WASHINGTON – The Pentagon is delaying release of a report by the nonpartisan RAND Corp. that rates the risk of sexual assault for troops by military base, according to Defense Department officials.
The report relied on surveys of troops and data from 2014 that have underpinned several previous reports from RAND. It was supposed to have been released months ago.
Military officials say the report is being delayed over concerns about its methodology, while advocates for troops subjected to sexual assault say the Pentagon wants to kill the report because officials do not like its conclusions.
“Estimating risk for a large number of military installations worldwide requires some complex statistical analysis, and RAND’s 2014 military survey was not designed with this task in mind,” said Air Force Maj. Carla Gleason, a Pentagon spokeswoman. “We are working with RAND to better understand and validate its statistical methods used.”
Jeffrey Hiday, a RAND spokesman, said researchers there stand by their report and its conclusions.
"This is the first time we are hearing this particular critique," Hiday said. "We have demonstrated that the 2014 data can be used to construct installation level estimates, and the results have cleared rigorous, independent peer review."
He noted that "the entire point of the study is to estimate the risk of sexual assault at installations."
Don Christensen, an advocate for victims of sexual assault in the military, said "it's disturbing the Pentagon would hire a reputable firm like RAND and then seek to bury the results because the brass know the numbers make them look bad.”
Christensen, president of Protect Our Defenders and the former top prosecutor for the Air Force, added that “it would be nice if leadership was as concerned with finding solutions for the sexual assault crisis and holding offenders accountable as they are with manipulating data in an attempt to hide the scope of the problem.”
Sen. Kirsten Gillibrand, the New York Democrat who has been critical of the Pentagon's response to sexual assault, called for the report's immediate release.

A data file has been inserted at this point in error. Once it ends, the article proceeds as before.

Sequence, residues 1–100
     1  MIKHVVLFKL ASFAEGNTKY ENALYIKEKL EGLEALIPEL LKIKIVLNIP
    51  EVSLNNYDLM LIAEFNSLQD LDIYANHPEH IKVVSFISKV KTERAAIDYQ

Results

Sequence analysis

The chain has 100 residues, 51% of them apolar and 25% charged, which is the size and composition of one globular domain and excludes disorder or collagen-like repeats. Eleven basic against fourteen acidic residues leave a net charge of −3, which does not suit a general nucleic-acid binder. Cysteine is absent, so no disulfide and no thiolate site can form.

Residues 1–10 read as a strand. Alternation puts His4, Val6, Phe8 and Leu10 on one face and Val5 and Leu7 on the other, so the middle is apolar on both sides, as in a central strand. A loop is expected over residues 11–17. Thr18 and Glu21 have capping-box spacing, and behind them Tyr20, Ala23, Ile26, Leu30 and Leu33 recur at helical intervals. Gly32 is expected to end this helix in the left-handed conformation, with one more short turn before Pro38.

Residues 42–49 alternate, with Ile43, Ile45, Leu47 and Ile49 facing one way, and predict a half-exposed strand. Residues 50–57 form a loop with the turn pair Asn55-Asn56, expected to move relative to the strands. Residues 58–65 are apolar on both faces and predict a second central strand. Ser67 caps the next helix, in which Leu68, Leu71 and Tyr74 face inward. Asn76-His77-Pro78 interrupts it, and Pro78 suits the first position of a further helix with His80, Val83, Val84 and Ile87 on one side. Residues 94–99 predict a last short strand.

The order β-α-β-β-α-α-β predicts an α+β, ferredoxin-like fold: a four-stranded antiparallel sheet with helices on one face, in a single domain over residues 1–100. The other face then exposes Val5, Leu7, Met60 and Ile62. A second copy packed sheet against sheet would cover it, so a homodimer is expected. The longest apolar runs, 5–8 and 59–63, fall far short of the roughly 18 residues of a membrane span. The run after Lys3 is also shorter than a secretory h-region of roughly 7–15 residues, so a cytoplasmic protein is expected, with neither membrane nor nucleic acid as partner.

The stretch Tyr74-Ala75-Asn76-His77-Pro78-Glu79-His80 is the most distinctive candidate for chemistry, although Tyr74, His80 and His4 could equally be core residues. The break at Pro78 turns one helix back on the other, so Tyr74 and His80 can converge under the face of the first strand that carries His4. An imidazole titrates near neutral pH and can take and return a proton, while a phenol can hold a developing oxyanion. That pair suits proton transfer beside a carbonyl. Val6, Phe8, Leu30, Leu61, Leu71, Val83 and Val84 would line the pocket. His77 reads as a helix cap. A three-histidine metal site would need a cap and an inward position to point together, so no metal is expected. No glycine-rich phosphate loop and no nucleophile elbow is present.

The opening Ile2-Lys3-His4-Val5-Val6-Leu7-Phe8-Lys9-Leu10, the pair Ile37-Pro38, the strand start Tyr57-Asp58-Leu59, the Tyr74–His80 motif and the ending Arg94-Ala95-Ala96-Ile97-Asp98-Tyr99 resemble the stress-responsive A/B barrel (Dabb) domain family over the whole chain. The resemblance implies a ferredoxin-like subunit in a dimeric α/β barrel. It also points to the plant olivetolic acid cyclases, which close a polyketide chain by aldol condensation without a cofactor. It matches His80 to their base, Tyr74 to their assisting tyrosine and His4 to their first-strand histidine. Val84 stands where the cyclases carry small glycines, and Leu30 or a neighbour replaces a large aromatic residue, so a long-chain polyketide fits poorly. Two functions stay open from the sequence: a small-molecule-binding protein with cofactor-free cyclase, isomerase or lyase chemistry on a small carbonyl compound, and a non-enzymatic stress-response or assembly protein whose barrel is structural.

“Sen. Gillibrand has requested that the Department of Defense release this RAND report, and our office is currently waiting on a response," said Alexandria Phillips, a spokeswoman for Gillibrand. "The Department of Defense needs to be fully transparent with the findings of the report and stop protecting the status quo that harms our service members and protects predators.”
The Pentagon continues to negotiate with the research organization before making it public, Gleason said. Hiday estimated it could be released by the end of August.
“The Department has been engaged with RAND for several months related to the methodology in the report in question,” Gleason said. “We value the innovative approaches that RAND takes to cutting-edge research, and the methodology in the report has merit as a proof-of-concept. We are currently engaged with RAND to ensure the findings reflect methodology validated by the broader scientific community, and RAND is currently addressing our feedback.”
In November, the Pentagon released a report based on its own data regarding allegations of sexual assault by installation for the Air Force, Army, Marine Corps and Army. The largest bases and posts with the greatest concentrations of troops had the highest numbers of assaults, which range from groping to rape.
Naval Station Norfolk in Virginia had 270 sexual assault allegations in fiscal year 2016, the most recent reported. The Army’s Fort Hood in Texas recorded 199 reports, the Marine Corps had 169 at Camp Lejeune in North Carolina and the Air Force had 117 at Joint Base San Antonio Texas.
The military has struggled to address sexual assault in its ranks. For the year ending Sept. 30, 2017, the military recorded 6,769 reports of sexual assault, an increase of nearly 10 percent from 2016, when there were 6,172.
Military officials often attribute the increased number of allegations to greater confidence among victims in the Pentagon’s response to the crime.